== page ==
Wow - that sounds dreadful
I''m surprised you were so young when it first happened (then again, I''m only 27), but I''m so relieved to hear it hasn''t progressed/gotten worse - that is a big concern of mine, and I want to do whatever I can to stop that from happening.
 

AmberGretchen

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Date: 4/14/2009 7:57:22 PM
Author: decodelighted
Me!! Me!! ... blerg, sorry you''re suffering. It really sucks! Okay so your questions ...


When did it first occur:

my first incident was at about 22 yrs old. Totally stress related. I suffered pretty regularly w/back pain from about 22-32 at which point I found a wonderful physical therapist who taught me some exercises that I''ve used to prevent flare ups (so far, knock wood).


What treatments were useful:

Meds! For the pain! Muscle relaxers too. But everything really changed with the right physical therapist. Its strange but most of the sisters in my family have had some back pain ... and the doctors think it might have to do w/learning posture from our mother who was preggers most of our lives. To counteract that I lie on my stomach and kind of force my back into a curve by pushing up onto my arms. Not sure I''m describing that right. Also, I had some slips on ice which bruised my tailbone & led to a sports injury type of arthritis there. But that knowledge hasn''t really helped. Not much can be done about that at this point. Mostly I''ve been able to feel when I''m getting tight & work on it before it really flares. Kind of getting to know your body over time.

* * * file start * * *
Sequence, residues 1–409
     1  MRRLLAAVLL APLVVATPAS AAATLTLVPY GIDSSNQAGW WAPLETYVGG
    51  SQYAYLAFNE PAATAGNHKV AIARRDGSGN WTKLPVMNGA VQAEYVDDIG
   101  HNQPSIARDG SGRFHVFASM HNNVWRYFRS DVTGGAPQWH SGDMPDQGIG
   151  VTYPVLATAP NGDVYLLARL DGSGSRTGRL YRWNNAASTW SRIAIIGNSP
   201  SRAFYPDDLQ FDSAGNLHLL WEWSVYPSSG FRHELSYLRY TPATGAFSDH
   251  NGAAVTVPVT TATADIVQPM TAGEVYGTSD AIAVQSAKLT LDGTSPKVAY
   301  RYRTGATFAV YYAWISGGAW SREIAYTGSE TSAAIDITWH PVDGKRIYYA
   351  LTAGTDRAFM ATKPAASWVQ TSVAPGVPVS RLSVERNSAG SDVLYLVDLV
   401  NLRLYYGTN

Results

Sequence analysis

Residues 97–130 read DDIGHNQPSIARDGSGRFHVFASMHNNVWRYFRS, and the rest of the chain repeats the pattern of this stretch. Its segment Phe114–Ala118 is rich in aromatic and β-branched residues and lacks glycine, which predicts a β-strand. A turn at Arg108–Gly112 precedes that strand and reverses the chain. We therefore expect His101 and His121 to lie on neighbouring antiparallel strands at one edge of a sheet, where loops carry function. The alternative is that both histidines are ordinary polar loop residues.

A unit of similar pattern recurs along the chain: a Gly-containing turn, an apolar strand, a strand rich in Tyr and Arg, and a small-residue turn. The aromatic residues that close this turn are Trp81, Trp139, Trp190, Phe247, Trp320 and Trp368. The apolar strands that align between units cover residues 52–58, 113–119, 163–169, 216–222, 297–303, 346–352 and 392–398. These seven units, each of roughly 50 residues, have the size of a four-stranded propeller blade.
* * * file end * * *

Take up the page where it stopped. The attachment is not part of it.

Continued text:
Other experiences:

I''ve had the total fall-on-the-floor and can''t get up kind of pain. It happened once when a friend was over (on a day we all got laid off of a job we absolutely loved -- go figure -- stress again!) and she had to stay with me until we could figure out how to get me onto the couch. That time they prescribed an AMAZING drug that numbed my whole lower body. That was the event that eventually led to the PT, so I guess I''m glad it happened.


One of my friends pulled her back getting out of my car one day & had some type of seizure & passed out. She stayed at my house a couple of days recovering from that & still has flare ups to this day. Think she''s getting some PT now, though. Hope it helps her as much as it helped me!